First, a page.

The AUD/NZD pair is off session lows but continues to trade in negative territory after Tuesday’s interest rate hike by the Reserve Bank of New Zealand (RBNZ). The RBNZ raised rates by 50 bps as expected. However, the bank revised its outlook on unemployment and inflation.
The RBNZ said it expected inflation to start cooling from present levels but would only decline below 3% in two years. Unemployment is also expected to rise to 5% in three years. The market expectation had been for the bank’s sub-3% inflation projections to be hit by September 2023. The reluctance of the RBNZ Governor to provide information on what the bank could do in its October 2022 meeting put the Kiwi Dollar on the back foot against other currency majors, but not the Australian Dollar.
Why is this so? The Australian Dollar has been on the back foot all week after weak Chinese retail sales, fixed asset investments, and industrial production data. Given that New Zealand lags behind Australia in international trade volumes, the Australian Dollar is more exposed to China than its island neighbor. This is why the AUD/NZD pair indicates strength in the Kiwi Dollar versus the Aussie Dollar.
The pair tends to be range-bound and only occasionally trends, with reduced price ranges, and more predictable trend moves. The pair trades within an ascending channel but also lies between a supply and demand zone, as shown on the daily chart. The AUD/NZD’s outlook is presented below.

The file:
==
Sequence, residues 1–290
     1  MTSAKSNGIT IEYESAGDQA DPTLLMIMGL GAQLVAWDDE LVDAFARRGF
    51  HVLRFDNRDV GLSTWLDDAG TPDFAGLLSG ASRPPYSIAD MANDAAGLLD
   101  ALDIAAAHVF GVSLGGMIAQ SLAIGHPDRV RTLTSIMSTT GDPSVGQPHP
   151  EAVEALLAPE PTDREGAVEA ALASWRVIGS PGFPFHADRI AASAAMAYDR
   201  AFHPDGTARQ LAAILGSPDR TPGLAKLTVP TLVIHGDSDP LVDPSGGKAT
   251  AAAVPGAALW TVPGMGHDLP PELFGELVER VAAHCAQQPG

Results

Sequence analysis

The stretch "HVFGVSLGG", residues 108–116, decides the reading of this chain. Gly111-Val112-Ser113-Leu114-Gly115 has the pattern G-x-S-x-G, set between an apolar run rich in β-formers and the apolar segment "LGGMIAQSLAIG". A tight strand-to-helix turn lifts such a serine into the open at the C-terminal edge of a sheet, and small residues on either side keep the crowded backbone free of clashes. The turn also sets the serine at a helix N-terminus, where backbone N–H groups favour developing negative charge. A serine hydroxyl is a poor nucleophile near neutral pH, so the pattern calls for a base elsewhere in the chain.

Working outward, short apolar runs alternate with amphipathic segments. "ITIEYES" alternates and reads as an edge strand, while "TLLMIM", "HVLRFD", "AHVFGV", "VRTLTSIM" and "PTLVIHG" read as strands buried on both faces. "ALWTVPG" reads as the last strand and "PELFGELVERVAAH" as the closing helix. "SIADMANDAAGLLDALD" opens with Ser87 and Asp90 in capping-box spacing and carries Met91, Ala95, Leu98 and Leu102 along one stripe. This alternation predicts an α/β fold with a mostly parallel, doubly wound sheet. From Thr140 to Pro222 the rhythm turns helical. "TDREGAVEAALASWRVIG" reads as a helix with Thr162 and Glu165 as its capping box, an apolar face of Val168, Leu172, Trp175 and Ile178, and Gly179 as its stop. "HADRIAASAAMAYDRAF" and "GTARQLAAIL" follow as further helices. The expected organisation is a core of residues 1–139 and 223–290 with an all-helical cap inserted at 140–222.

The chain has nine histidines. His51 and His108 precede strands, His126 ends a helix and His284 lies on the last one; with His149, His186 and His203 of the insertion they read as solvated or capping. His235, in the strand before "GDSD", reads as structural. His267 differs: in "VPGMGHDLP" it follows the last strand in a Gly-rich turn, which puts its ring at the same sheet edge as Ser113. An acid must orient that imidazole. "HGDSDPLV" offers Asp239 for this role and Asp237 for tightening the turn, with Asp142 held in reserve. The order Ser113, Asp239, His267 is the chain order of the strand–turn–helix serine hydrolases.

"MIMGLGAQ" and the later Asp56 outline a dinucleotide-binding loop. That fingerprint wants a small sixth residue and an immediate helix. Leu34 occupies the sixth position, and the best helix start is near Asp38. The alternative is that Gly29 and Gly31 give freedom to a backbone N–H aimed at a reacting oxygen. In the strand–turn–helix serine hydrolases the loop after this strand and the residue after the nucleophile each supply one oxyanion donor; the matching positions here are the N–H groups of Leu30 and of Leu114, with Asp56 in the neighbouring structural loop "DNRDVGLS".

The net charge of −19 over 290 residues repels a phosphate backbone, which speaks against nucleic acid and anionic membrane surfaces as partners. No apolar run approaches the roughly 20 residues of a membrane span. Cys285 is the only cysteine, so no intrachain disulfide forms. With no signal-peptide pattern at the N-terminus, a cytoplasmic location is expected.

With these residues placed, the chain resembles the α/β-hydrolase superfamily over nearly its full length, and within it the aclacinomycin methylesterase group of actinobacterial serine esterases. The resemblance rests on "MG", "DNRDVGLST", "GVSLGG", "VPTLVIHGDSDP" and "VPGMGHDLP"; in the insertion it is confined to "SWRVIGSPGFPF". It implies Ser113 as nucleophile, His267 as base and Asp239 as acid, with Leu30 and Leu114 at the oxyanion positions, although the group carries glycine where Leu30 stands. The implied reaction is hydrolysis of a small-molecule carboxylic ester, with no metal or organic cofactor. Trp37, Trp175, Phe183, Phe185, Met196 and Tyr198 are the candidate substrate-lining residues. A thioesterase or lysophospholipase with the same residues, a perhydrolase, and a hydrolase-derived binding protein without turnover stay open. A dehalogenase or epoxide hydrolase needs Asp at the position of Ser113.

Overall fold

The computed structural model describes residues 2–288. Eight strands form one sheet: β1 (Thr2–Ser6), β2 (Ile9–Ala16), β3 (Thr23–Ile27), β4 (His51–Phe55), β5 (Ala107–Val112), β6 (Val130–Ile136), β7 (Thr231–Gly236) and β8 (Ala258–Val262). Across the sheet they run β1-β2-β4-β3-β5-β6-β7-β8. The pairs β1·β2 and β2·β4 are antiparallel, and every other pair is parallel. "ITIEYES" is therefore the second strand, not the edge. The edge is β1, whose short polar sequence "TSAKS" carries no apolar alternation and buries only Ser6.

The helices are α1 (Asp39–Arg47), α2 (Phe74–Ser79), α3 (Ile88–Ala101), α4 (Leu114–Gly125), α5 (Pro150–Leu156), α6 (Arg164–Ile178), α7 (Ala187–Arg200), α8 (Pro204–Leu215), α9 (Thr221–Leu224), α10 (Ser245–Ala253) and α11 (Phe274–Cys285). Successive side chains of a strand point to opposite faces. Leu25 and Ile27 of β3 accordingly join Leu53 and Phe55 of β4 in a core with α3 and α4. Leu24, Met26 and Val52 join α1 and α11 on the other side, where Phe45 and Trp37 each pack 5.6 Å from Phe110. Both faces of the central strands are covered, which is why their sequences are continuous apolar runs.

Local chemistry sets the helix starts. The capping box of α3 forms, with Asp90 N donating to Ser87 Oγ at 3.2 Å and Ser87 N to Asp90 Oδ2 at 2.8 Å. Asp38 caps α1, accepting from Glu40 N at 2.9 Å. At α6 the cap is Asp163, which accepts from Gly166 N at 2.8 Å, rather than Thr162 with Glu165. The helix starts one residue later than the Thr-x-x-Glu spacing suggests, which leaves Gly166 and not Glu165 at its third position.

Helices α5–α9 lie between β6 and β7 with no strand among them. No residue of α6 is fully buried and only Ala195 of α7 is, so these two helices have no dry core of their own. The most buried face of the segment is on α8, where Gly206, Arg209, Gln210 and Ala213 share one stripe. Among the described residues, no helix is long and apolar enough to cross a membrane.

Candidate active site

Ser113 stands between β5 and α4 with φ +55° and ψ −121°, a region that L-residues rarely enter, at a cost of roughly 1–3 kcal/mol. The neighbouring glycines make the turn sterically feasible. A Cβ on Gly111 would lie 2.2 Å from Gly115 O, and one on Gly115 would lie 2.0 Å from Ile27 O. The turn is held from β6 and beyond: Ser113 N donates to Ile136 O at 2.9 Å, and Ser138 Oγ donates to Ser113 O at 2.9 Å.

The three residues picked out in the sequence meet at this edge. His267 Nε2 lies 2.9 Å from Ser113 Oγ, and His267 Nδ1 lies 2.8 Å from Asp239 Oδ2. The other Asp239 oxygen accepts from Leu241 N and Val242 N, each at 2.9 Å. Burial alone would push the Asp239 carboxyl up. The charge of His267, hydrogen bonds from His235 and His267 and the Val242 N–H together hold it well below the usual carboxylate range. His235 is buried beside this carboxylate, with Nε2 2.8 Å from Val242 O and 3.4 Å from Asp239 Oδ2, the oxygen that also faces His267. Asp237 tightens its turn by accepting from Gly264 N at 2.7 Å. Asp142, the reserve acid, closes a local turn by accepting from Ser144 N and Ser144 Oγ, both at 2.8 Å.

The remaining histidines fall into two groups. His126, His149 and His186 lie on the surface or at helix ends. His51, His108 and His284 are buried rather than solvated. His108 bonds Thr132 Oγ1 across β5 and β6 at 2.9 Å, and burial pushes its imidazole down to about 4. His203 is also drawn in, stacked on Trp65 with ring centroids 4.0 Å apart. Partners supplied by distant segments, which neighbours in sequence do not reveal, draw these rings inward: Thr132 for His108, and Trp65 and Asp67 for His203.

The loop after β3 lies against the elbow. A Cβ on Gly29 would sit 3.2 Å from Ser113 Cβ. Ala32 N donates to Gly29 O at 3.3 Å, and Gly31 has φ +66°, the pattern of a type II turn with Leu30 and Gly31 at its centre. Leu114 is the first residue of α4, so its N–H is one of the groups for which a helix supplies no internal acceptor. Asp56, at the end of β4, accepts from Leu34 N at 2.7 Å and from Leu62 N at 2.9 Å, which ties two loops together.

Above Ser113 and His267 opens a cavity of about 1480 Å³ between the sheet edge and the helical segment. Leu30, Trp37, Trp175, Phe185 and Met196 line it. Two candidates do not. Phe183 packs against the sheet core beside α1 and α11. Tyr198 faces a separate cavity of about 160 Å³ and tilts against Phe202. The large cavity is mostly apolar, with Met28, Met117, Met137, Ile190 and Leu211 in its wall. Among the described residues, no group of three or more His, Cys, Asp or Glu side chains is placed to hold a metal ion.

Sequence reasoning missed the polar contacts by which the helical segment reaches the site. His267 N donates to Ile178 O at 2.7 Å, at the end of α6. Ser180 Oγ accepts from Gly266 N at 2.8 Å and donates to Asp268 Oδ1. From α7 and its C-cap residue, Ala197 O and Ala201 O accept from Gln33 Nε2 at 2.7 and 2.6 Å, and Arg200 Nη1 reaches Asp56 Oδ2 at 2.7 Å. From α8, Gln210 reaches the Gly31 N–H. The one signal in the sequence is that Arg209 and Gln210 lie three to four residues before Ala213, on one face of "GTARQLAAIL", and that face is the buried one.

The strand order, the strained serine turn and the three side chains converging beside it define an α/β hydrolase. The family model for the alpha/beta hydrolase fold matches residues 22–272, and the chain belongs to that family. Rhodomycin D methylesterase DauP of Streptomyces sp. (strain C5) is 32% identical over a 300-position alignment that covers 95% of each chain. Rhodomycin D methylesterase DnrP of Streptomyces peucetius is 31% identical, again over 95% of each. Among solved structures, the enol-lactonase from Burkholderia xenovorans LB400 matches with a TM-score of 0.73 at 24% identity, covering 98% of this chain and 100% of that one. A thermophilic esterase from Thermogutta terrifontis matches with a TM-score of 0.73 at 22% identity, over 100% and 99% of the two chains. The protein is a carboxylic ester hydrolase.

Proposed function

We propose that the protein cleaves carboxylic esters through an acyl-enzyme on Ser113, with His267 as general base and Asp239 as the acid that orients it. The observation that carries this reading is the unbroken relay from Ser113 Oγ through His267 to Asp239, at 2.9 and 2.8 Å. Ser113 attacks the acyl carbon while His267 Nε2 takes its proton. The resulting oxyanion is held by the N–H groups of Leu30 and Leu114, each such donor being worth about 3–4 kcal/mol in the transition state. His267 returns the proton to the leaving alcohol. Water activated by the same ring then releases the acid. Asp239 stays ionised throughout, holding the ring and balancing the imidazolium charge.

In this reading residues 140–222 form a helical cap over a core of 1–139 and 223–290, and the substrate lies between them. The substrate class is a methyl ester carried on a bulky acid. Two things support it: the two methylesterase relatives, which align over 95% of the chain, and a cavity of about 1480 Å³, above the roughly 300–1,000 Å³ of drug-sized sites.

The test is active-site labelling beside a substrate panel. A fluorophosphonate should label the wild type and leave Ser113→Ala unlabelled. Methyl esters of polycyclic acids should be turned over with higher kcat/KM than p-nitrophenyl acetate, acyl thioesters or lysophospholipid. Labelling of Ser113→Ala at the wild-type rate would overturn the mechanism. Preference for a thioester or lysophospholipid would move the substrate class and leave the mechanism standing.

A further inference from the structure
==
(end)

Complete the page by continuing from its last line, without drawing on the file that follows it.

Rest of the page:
A bullish outlook depends on a bounce off the 1.10183 support and the lower boundary of the channel pattern, targeting the supply zone’s lower border at 1.11365 (4 September 2017 prior high). This supply zone, whose upper border lies at 1.11697 (15 June high), must give way before the bulls can challenge the channel’s upper border at 1.12859 (23 March 2016 high).
Only when the bulls achieve clearance of this barrier can the prior high of 1 October 2013 at 1.14249 and the 1.15000 psychological barrier (2 August 2013) become viable northbound targets. On the flip side, the breakdown of the 1.10183 support opens the door toward the demand zone’s upper border at 1.09673, formed by the 20 June and 1 July lows.
A breakdown of this demand zone is required before 1.08097 becomes a new downside target. Below this support which houses prior highs 27 April – 24 May 2022, the 1.07277 pivot and the 8 March low at 1.06480 form additional barriers to the south.